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It felt almost sacrilegious when Gary Murphy, a Sky Sports pundit, drew a parallel earlier this year between Jordan Spieth and Seve Ballesteros. “A bit like Seve, he defies logic,” the Irishman argued. “A vulnerable genius.”
Besides the fact that they have both held the rare distinction of winning the Masters before the age of 25, and that they have both endured grisly acquaintances with Augusta’s water hazards, the two would hardly be anybody’s first choice as kindred spirits. Where Spieth grew up in suburban comfort in Dallas, his Spanish forbear was shaped by a background of rural penury in Pedrena. And yet on Saturday night, from deep in the pine straw beside the eighth green, the 2015 champion conjured a flourish that was unmistakeably Seve-esque.
— The Masters (@TheMasters) April 10, 2021
Amid the loblollies and the bushes, Spieth spotted a solution invisible to all but him, pitching the ball close to the flag and then using the bank behind to bring it within four feet of the cup. He might not have the lustrous hair of Ballesteros, or the effortless charisma, but he has a golfing brain worthy of the comparison. The fact that he produced such a masterstroke just minutes after double-bogeying the seventh also spoke of a resilience far beyond his 27 years.
Throughout this week at Augusta, the Spieth swagger of old has returned. He has had his setbacks on the course, but never allowed them to snowball. He has watched rivals of the calibre of Dustin Johnson and Brooks Koepka fail even to make the cut, but never lost his belief that his subtle knowledge of the Masters’ vagaries would see him through. Even as Hideki Matsuyama made his back-nine tear to set the standard for everyone else, Spieth retained composure, with a rare three at the 10th and a magnificent sweeping second into the 15th setting up a birdie that kept him in touch.
To anybody familiar with Spieth’s feats from 2015 to 2017, his subsequent drift off the radar has been bewildering. All his life, he had carried his status as a prodigy with ease. First, there were his all-conquering years in junior golf, when parents of his peers would withdraw their children from events as soon as they saw his name on the team-sheet, fearing humiliation. Then came a stunning runner’s-up finish on debut at Augusta in 2014, and a wire-to-wire victory 12 months later that matched Tiger Woods’ 18-under total from 1997.
Spieth became only the sixth player in history to win the Masters and US Open in the same year. In 2015, his annus mirabilis, he became the world No 1, harvested over £15 million in prize money, and swept every significant PGA Tour honour. Nothing encapsulated his talents so vividly as his Open triumph at Royal Birkdale in 2017, achieved in spite of a drive at the 13th that sailed so far right it even cleared the equipment vans. If Seve had been celebrated as the “car park champion” at Royal Lytham in 1979, then Spieth was the demon of the Southport dunes.
Anyone marvelling at Spieth’s performance that day would have been laughed out of town if they had predicted it would be his last win anywhere for four years. But it was not until last week’s glory in Texas, a moment he described as “monumental” for his confidence, that the boy wonder was seen again. For 1,351 days in between, he lost his putting touch, his accuracy off the tee, his world ranking, his very sense of self. His decline was an object lesson in how the game could corrode the mental wellbeing of even the most precocious player.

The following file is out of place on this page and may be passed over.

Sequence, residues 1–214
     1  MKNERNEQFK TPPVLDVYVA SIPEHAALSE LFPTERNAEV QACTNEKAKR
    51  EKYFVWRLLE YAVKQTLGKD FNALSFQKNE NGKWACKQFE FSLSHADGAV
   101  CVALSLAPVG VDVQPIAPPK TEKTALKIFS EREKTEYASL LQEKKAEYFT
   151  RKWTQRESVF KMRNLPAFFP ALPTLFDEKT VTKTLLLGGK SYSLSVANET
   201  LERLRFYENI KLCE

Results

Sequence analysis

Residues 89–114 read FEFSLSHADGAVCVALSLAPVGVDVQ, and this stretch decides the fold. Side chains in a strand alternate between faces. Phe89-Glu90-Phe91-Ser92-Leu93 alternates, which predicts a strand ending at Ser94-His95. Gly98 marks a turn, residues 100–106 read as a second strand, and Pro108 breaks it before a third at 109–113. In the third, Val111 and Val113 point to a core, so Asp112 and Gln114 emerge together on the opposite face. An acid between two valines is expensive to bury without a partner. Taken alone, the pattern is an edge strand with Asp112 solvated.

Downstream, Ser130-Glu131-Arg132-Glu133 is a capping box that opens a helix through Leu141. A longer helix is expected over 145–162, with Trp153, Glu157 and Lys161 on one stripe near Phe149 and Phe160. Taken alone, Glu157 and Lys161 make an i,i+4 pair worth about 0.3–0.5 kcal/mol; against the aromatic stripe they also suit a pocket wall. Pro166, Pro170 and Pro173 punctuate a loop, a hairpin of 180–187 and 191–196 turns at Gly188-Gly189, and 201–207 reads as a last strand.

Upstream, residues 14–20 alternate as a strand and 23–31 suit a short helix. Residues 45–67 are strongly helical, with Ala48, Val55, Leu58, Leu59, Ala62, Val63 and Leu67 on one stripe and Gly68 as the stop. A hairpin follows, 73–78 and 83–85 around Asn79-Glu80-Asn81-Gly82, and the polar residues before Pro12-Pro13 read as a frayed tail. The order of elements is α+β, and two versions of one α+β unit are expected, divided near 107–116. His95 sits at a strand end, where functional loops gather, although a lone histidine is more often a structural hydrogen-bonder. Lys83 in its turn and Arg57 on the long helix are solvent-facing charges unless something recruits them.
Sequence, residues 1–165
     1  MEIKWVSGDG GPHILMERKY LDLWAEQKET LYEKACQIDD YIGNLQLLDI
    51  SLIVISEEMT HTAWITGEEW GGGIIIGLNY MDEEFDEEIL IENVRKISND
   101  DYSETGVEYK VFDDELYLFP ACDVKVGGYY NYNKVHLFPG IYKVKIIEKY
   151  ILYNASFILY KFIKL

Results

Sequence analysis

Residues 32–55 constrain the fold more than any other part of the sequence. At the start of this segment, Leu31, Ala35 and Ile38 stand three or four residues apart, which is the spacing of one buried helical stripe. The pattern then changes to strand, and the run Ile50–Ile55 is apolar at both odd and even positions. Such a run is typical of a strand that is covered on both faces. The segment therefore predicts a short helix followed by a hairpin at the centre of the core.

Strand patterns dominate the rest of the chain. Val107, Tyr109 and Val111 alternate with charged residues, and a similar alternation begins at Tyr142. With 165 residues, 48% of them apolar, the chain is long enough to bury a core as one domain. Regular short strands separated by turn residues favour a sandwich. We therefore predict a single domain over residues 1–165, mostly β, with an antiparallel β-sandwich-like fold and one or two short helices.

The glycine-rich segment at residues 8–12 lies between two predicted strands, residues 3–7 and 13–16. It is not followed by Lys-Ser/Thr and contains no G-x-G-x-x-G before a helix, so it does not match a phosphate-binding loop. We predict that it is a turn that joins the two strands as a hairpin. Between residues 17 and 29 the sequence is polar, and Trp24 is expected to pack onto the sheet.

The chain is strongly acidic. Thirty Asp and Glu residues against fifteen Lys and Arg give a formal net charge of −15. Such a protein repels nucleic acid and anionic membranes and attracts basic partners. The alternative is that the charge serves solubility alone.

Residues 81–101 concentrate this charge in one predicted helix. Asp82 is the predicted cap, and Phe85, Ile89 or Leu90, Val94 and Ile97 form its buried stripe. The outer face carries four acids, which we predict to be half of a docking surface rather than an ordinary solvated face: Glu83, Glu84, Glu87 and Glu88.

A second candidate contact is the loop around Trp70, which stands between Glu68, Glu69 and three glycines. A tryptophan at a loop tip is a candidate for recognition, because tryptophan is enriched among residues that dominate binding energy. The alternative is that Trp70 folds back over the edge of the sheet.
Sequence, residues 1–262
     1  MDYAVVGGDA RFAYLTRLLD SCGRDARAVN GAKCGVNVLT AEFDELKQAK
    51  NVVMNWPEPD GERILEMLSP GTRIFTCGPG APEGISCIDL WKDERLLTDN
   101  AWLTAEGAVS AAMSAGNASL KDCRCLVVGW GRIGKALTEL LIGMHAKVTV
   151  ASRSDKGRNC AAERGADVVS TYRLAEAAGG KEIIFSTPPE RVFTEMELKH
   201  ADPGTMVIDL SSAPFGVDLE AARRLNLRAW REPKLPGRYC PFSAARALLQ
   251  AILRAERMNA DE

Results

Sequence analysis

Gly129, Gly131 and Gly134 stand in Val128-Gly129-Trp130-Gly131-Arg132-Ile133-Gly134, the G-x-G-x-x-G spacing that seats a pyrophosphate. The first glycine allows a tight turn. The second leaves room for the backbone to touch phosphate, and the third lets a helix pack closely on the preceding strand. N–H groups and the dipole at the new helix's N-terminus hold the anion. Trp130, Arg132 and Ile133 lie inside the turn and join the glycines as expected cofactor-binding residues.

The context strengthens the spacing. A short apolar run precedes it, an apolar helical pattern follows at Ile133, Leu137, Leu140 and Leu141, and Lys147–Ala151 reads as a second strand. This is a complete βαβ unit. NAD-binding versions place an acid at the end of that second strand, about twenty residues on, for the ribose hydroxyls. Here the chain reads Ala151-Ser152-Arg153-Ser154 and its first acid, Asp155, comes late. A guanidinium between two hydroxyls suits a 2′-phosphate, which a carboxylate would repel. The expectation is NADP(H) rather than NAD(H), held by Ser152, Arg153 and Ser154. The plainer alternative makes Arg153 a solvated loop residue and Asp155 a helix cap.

Sometimes, there are suggestions of superstition. At the par-three 12th, the hole where his tilt at retaining the green jacket in 2016 sank without trace, he tossed his ball into the water after making a four in his second round. That is the fascination with Spieth: for all that he can engineer minor miracles out of nothing, the shadow of impending doom is rarely far away. The only certainty is that at Augusta, where his scoring average of 70.46 is the finest in history, he is impossible to discount.
Starting his third round just two adrift of Justin Rose’s lead, Spieth had wanted to launch a Saturday surge, only to be thwarted when the klaxon for stormy weather sounded immediately after his jaw-dropping shot at the eighth. But he remains the type of player who can pounce from the Sunday pack at will. His closing 64 in 2018, when he tried everything he could to reel in Patrick Reed, tied the tournament record for the lowest final record.
The Texan energy at this year’s Masters is powerful, given the remarkable performance of Will Zalatoris, the beanpole-like 24-year-old who has ridden on the coat-tails of the leaders all week. He and Spieth were contemporaries on the Dallas junior circuit, and increasingly a Ryder Cup partnership between the pair is a distinct possibility. On the latest evidence, the combination of Zalatoris’ pure ball-striking and Spieth’s short game could be irresistible.
For now, the task for Zalatoris is to try to become the first debutant to win the Masters since Fuzzy Zoeller in 1979. “I’ve wanted to be here forever,” he reflected. “There’s no reason to feel intimidated now.” As for Spieth, the psychology is more complex. He cannot simply forget the torment of the past. The priority is that somehow, he keeps his hyperactive mind fixed firmly in the present.